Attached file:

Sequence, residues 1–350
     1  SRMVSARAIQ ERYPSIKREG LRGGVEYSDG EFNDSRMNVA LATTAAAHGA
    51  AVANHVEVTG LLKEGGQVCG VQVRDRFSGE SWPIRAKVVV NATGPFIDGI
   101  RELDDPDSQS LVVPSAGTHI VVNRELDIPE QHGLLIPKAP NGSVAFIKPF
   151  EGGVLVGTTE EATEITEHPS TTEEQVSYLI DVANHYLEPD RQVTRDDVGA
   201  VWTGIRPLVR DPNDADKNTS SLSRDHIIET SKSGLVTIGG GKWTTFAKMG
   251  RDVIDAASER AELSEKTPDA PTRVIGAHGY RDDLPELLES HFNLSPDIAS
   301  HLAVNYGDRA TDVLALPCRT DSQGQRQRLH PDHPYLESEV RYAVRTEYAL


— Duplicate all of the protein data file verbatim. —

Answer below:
Sequence, residues 1–350
     1  SRMVSARAIQ ERYPSIKREG LRGGVEYSDG EFNDSRMNVA LATTAAAHGA
    51  AVANHVEVTG LLKEGGQVCG VQVRDRFSGE SWPIRAKVVV NATGPFIDGI
   101  RELDDPDSQS LVVPSAGTHI VVNRELDIPE QHGLLIPKAP NGSVAFIKPF
   151  EGGVLVGTTE EATEITEHPS TTEEQVSYLI DVANHYLEPD RQVTRDDVGA
   201  VWTGIRPLVR DPNDADKNTS SLSRDHIIET SKSGLVTIGG GKWTTFAKMG
   251  RDVIDAASER AELSEKTPDA PTRVIGAHGY RDDLPELLES HFNLSPDIAS
   301  HLAVNYGDRA TDVLALPCRT DSQGQRQRLH PDHPYLESEV RYAVRTEYAL